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Mactaquac and the Freshet

April 22 2015, 09:36 AM

Mactaquac and the Freshet


After the winter that just kept on giving, the signs of spring are welcome as we put away our snow shovels for another season. With temperatures starting to warm up across the province, this is also the time when many New Brunswickers are closely watching rising water levels in the rivers and in some cases, already dealing with flooding

Now that the spring freshet is upon us, NB Power has been hard at work with the New Brunswick Emergency Measures Organization and other local partners monitoring ice conditions, snow pack, precipitation accumulation and weather patterns.

How it works

NB Power operates six run-of-river hydroelectric generating stations across New Brunswick- the largest being Mactaquac. Run of river facilities depend on the constant flow of the river. To generate electricity, the water flowing into the station is directed down and through turbines, providing the energy to spin the generators. Run-of-river stations have no ability to hold back water. All water that comes into the station must go out - especially during the spring freshet when water flows are higher than normal.

Hydro generating stations like Mactaquac contribute energy to our grid year-round, but sometimes during the spring thaw we have more water flowing into our stations than we’re able to generate. When all of the turbines are operating at full capacity in the station, operators open the spill gates to let out this excess water.

Ice Jams

Ice jams on the other hand do hold back water and ice from moving freely downstream. Ice jams have been the cause of major flood events in the past here in New Brunswick, like those in Perth-Andover, Fredericton and St. George.

These jams happen when the ice in the river breaks up, sticks together and hits the bottom of the river. Like an iceberg in the ocean, what we see from land is only the tip of the ice jam in the river. Once the ice jams, it interrupts the natural flow of the river and the water behind it backs up, causing water levels to rise. Some areas of the river are more likely to experience ice jams than others.

Here are a few other factors that can contribute to ice jams:

  • Two rivers joining, like the Tobique and Saint John rivers
  • Elements like islands, low bridges and sharp bends can narrow or block the path for ice movement
  • Thicker ice in the river
  • Shallow areas of river

Severe flooding happens when those factors combine with the following:

  • Speed and volume of river flow
  • Strength of ice cover
  • Snow depth
  • Precipitation
  • How quickly the temperatures rise

Be safe

It is so important for people to stay away from the water and ice near these hydro stations in the spring. Ice may appear to be solid, but is inconsistent due to changing water flows below. Calm water on the river below a hydro station can quickly turn into rapids with a strong undertow.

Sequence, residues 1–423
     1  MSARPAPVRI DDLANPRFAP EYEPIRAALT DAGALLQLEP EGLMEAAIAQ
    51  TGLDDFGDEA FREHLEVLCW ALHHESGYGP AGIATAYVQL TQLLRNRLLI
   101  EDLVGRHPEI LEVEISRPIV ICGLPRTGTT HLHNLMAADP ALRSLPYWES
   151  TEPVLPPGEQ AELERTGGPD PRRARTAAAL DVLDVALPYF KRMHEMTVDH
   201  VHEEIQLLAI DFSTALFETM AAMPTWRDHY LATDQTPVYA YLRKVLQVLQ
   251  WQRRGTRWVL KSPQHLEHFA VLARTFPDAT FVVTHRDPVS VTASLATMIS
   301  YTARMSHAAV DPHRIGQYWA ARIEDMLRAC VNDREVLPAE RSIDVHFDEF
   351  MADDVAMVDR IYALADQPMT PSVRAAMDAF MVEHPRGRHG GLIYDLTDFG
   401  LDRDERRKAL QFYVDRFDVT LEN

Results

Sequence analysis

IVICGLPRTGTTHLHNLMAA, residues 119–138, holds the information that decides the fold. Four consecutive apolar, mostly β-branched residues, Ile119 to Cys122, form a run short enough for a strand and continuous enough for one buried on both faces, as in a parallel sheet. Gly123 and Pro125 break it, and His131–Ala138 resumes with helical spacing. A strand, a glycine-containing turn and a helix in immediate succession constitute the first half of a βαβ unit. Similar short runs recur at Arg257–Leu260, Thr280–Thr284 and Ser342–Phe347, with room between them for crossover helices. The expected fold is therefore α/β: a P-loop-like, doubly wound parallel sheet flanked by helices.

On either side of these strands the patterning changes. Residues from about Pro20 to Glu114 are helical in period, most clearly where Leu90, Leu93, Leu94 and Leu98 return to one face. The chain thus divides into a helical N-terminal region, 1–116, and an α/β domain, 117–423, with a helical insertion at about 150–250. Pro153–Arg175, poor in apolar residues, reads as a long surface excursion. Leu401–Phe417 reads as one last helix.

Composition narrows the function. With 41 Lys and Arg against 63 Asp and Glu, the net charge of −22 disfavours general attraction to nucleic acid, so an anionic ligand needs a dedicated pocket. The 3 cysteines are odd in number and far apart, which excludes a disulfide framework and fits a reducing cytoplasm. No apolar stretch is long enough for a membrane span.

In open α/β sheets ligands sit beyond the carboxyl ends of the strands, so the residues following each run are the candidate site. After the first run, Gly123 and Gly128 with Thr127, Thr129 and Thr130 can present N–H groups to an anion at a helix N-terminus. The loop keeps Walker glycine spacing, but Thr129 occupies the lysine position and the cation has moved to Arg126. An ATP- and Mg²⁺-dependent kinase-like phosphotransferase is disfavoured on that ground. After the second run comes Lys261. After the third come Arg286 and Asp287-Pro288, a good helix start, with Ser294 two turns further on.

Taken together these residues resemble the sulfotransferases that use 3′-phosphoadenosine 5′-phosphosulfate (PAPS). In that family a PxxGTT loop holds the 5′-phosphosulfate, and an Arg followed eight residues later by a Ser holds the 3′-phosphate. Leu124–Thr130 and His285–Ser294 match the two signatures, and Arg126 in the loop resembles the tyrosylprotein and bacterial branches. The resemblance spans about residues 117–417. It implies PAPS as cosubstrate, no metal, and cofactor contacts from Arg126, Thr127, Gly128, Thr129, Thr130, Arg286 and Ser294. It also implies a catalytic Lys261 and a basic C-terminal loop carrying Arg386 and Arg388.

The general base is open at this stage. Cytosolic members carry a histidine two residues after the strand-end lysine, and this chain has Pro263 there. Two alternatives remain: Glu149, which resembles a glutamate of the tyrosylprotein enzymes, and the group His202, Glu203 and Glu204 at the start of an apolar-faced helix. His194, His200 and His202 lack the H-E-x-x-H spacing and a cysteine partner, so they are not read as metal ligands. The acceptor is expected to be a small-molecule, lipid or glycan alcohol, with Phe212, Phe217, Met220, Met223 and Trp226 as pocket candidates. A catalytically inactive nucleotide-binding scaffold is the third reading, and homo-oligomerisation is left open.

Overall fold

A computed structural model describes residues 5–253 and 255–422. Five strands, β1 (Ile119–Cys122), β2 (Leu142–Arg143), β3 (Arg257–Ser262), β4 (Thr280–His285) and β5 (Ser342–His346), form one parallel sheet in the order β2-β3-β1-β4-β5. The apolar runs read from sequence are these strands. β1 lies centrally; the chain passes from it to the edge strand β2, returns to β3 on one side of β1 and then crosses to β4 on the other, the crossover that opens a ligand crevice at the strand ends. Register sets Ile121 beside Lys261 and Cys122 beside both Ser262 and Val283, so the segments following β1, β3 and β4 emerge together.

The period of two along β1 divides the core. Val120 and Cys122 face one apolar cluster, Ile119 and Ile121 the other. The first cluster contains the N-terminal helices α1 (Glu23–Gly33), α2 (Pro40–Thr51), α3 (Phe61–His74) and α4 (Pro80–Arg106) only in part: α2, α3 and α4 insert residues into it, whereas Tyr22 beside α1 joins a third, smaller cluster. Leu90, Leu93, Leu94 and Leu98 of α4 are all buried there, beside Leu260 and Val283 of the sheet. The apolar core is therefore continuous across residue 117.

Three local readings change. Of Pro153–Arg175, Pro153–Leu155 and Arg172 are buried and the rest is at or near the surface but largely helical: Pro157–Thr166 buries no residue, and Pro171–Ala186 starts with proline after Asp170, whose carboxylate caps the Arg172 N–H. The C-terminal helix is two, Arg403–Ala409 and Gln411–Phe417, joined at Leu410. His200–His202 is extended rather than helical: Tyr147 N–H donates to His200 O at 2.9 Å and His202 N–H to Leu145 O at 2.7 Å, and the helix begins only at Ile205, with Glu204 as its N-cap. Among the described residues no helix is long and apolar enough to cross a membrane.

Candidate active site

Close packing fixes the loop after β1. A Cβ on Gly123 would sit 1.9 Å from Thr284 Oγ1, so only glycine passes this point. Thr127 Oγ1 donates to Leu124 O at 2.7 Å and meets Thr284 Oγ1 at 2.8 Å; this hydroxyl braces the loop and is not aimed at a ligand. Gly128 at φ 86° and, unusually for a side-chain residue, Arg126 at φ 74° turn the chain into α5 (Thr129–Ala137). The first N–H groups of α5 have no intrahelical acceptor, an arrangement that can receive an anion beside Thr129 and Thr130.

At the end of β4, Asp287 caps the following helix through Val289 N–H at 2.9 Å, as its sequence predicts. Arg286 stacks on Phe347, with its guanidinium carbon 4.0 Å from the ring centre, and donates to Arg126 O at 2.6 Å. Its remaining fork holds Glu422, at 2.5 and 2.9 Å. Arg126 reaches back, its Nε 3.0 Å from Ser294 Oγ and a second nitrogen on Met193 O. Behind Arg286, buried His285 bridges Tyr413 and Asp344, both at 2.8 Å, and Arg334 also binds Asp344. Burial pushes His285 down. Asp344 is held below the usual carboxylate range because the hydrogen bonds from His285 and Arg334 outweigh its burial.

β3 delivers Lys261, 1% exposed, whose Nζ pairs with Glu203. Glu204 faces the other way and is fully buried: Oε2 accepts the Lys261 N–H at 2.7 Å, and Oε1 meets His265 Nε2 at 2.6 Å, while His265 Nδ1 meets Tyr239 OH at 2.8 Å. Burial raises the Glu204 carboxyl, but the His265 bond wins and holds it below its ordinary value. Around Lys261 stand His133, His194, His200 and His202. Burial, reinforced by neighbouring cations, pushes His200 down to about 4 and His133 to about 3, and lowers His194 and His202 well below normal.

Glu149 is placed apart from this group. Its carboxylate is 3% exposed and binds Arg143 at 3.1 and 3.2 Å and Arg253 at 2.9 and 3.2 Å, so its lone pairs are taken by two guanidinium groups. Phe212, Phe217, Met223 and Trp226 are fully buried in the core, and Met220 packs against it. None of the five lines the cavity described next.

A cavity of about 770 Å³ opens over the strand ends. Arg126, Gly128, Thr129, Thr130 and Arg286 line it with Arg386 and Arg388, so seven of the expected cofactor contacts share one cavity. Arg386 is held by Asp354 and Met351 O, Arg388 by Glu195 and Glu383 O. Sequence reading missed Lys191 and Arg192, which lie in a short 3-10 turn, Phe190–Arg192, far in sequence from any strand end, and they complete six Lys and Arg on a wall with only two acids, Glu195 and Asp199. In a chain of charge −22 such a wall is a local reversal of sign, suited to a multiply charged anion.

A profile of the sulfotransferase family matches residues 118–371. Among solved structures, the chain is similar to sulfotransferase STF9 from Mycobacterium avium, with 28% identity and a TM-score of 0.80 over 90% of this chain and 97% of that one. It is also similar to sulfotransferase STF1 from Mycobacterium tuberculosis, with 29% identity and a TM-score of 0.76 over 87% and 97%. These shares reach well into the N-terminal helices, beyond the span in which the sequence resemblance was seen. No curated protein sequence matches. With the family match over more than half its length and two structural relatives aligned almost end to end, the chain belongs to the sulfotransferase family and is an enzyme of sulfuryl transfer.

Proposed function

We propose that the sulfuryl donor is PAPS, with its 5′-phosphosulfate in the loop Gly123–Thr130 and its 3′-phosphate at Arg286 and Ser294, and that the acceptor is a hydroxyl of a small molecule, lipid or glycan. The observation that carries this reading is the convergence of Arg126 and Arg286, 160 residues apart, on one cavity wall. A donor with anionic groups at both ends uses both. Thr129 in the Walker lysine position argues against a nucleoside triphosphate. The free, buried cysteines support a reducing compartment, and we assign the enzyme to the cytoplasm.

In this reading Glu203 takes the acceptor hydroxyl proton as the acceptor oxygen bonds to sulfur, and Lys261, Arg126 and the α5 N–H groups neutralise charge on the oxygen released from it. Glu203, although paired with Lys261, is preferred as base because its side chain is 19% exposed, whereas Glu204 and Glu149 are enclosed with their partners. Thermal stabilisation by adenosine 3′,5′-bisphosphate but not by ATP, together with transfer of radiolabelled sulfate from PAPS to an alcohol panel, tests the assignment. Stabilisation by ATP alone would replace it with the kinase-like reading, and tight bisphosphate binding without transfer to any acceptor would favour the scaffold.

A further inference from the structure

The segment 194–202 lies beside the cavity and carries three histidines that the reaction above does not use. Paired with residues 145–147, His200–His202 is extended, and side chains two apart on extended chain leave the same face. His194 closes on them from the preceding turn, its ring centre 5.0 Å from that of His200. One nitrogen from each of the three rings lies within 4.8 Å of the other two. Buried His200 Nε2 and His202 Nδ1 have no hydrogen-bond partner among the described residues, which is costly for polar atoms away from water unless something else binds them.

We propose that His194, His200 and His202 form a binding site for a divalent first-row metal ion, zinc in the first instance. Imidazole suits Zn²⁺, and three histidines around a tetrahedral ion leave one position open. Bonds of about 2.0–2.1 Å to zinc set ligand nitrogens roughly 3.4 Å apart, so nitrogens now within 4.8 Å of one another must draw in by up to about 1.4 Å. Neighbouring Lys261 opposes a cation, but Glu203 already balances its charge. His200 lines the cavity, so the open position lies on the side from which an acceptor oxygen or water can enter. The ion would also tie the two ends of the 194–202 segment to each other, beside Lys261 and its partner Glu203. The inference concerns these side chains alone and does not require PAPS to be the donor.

Watch for warning signs, boom, buoys and barriers around NB Power hydro stations.

Have an idea for a future blog post? Let us know in the comments section below or email us.

Welcome to the NB Power Blog

April 16 2015, 13:13 PM

Welcome to the NB Power Blog


This blog
will serve as a friendly place for you, our customers to find helpful information to answer any questions related to NB Power you may have and provide you with the latest information on our strategic direction.
We’ll provide insight into ways to keep your family safe around electricity, advice on how to save money on your power bills, tell you about cool new products that will give you better control over your energy use and give you a behind-the-scenes look at what we do to keep your lights on.

Some of the topics we’ll cover include: Renewable energy resources, environment, safety, energy efficiency and Smart Grid.

We also want to hear from you.

In addition to commenting on blog posts, you can also reach us by email, on Twitter or through our website.

We do ask you to keep it friendly when suggesting topics for discussion and when commenting on our posts. See our comment guidelines here for more on that.

We will monitor the blog and its comments during business hours, Monday to Friday. If you post a comment in the evenings or on weekends, we will review it as soon as we are able to.

A bit about us:

NB Power is a progressive, sustainable and customer-focused utility whose 2,300 employees are dedicated to providing quality service and safe, reliable electricity at low and stable rates. Our electricity is generated at 13 facilities throughout New Brunswick and delivered via power lines, substations and terminals to more than 350,000 New Brunswick homes, businesses, hospitals, schools etc. We also export electricity to New England, Quebec, Nova Scotia and Prince Edward Island. Today, our generation mix is about 65% non-emitting with a goal to get to 75% by 2020.

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